It’s pretty much a no-brainer that retired quarterback turned CBS football analyst Tony Romo is the prohibitive favorite to win the 2020 American Century Championship.
You’ve probably seen this shindig in the past. They play at the Edgewater Tahoe Golf Club and for an experienced amateur player like Romo, it’s not that big of a challenge. The course is about 6,700 yards and plays much shorter than that. Lake Tahoe sits around 6,200 feet above sea level, meaning Romo’s drives go a long way.
Add the fact that Romo has a lot of experience. He’s played in Korn Ferry Tour events and is a regular at the AT&T Pro-Am on the PGA Tour. Romo plays often in U.S. Open qualifiers, U.S. Amateur qualifiers and other amateur competition. Make no mistake about it — Romo’s got game.
In this field, he’s basically Tiger Woods.
He won the championship for the first time in 2018 then won easily last year. It would be an upset if he didn’t register the three-peat come Sunday in the 54-hole competition.
The event is played with the Modified Stableford format — five points for an eagle, two points for a birdie, zero for par, minus one for bogeys and minus 3 for double-bogey or worse. Any bets on how far in the red Charles Barkley finishes? This is one event where you don’t want to be in the red — plus numbers only. Romo won with a plus 71 score last year, beating runnerup Mark Mulder by 10. Mulder, a former major league pitcher, is the only three-time champion of the event, winning in 2015, 2016 and 2017 and is regarded as Romo’s biggest challenger.
Former tennis star Mardy Fish finished tied with Mulder for second last year and Fish hangs around the lead in this event.
When Romo won last year, he donated his $125,000 first place money to the Stowers Institute for Medical Research. Romo doesn’t accept the money so he can retain his amateur status in the eyes of the USGA.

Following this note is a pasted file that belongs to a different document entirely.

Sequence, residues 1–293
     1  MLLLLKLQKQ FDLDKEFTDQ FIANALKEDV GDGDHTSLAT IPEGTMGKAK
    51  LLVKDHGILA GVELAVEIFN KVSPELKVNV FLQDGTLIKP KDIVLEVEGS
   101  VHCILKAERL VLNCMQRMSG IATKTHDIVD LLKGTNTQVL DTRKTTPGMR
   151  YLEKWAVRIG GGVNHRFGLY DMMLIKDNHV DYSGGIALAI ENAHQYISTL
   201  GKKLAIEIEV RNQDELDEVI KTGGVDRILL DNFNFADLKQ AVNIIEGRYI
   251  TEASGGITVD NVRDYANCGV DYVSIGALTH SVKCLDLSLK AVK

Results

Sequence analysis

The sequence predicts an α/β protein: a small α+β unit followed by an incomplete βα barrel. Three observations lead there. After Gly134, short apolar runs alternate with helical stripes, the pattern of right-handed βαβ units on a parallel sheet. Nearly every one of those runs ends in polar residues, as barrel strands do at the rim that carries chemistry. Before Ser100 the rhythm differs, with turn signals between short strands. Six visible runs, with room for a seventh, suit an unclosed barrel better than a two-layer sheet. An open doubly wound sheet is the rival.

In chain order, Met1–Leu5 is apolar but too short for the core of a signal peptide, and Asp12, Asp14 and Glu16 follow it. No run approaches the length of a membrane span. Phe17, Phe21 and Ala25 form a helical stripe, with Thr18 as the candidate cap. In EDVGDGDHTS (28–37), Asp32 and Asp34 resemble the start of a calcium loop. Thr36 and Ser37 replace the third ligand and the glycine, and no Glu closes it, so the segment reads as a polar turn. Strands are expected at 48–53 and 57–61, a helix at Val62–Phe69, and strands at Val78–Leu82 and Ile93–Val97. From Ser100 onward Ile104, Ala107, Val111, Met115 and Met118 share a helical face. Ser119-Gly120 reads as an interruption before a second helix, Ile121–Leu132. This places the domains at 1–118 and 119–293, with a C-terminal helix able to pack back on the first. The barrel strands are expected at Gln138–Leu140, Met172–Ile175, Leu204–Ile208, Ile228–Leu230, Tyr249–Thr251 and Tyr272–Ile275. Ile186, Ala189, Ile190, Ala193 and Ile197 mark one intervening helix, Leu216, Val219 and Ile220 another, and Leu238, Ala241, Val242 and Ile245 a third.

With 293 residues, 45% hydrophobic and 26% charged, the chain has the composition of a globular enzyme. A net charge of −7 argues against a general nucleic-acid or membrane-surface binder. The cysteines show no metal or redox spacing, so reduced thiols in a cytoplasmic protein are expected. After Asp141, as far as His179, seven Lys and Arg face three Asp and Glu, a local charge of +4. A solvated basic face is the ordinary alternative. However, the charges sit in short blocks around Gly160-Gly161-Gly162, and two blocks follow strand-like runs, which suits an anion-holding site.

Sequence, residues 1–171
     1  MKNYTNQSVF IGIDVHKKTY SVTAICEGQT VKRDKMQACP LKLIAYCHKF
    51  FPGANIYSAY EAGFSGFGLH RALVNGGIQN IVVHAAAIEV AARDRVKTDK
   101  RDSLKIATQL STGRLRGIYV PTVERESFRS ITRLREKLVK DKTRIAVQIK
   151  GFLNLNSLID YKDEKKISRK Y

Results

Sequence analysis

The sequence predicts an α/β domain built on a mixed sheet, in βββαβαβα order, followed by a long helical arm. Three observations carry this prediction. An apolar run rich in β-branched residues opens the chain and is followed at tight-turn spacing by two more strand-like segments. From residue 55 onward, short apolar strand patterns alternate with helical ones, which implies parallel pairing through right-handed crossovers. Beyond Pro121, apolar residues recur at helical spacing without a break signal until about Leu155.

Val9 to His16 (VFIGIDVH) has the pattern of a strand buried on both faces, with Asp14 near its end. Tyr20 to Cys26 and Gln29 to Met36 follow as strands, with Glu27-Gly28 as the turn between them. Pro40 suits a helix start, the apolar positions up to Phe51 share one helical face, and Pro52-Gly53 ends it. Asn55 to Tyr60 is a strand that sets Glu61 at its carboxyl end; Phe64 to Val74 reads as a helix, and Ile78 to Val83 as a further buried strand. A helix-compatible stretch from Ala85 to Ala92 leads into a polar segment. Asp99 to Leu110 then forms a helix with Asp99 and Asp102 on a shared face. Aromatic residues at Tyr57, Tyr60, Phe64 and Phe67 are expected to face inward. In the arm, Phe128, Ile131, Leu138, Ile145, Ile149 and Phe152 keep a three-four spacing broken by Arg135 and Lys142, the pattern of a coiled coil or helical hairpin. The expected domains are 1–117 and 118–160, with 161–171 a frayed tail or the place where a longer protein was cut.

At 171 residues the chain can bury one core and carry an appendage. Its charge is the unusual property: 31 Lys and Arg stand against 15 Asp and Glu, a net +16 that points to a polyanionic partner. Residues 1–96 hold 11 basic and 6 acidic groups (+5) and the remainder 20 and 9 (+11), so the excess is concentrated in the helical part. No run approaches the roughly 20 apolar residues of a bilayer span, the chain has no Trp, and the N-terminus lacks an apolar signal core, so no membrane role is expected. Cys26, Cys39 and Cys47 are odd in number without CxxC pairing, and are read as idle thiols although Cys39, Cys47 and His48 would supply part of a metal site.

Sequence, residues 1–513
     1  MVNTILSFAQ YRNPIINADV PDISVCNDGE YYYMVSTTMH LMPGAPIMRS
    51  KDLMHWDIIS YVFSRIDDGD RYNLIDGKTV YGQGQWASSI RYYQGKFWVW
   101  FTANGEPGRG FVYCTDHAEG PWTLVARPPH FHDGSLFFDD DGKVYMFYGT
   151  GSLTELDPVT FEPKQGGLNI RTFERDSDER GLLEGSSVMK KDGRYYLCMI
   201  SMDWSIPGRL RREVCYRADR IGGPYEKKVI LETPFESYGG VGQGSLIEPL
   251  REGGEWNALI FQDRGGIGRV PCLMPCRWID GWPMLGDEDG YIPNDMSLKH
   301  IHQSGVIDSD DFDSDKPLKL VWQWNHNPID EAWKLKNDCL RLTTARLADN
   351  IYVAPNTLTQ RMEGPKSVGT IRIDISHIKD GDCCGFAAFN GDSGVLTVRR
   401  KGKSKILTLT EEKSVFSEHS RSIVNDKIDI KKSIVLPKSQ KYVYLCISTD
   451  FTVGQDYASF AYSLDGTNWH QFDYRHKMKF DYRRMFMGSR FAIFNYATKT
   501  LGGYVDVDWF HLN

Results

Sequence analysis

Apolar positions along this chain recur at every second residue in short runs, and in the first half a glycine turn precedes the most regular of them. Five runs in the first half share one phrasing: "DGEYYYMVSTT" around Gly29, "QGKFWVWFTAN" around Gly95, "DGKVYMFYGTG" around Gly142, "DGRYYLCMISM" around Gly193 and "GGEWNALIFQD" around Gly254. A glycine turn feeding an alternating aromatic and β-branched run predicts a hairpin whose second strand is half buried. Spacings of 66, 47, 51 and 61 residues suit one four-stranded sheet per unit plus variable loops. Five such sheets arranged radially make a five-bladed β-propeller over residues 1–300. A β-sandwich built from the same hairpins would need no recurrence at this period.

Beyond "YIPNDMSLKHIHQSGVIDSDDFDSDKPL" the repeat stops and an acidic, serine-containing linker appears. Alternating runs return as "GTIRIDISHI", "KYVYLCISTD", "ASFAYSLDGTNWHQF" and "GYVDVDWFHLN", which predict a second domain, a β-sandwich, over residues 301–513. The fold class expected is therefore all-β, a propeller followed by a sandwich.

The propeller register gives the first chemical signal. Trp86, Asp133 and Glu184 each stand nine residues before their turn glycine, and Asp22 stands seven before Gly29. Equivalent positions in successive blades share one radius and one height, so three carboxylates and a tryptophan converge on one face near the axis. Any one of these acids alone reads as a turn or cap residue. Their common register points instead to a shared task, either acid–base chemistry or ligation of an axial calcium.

Play begins on Friday and will be broadcast on the NBC Sports Network on Friday and on NBC for the weekend.
European Tour Needs A Loan?
The old “Hey Buddy Can You Spare A Dime?” sounds like the European Tour. The European Tour has struggled financially, and now that the 2020 Ryder Cup has been moved to 2021, the Euro Tour won’t have that big payout coming in September.
That money from the Ryder Cup is basically the life-blood of the European Tour. It’s not a fat-cat like it’s American counterpart — the PGA Tour.
The European Tour hauled in around 20 million pounds as its share of the revenues from the 2018 Ryder Cup matches in France. The European Tour gets about 60 percent of the European revenues with the other 40 percent split evenly between the British PGA and the PGA of Europe.
So now the old cash flow problem will rear its ugly head.
Not to worry. Because there is the guaranteed future revenue from the matches, the European Tour officials can visit their friendly London bankers and borrow against those future monies.
Miguel-Angel Leads At Austrian Open:
Speaking of the European Tour, it’s finally back in action as well.
Big surprise on day two when Miguel-Angel Jimenez showed the younger guys how it’s done. He opened with 68 then went low on Friday with 65 and is the 36-hole leader at 11-under par.
Joost Luiten of the Netherlands was the first round leader at the Austrian Open, first of two events in the country.
Luiten fired a seven-under par 65 on day one but cooled off a bit on Friday with a 70 and stood a nine-under through 36 at the Diamond Country Club in Atzenbrugg.
After two weeks in Austria, the tour moves on for a half-dozen events in the U.K. Most of the tour’s stars are waiting for that swing to resume their play.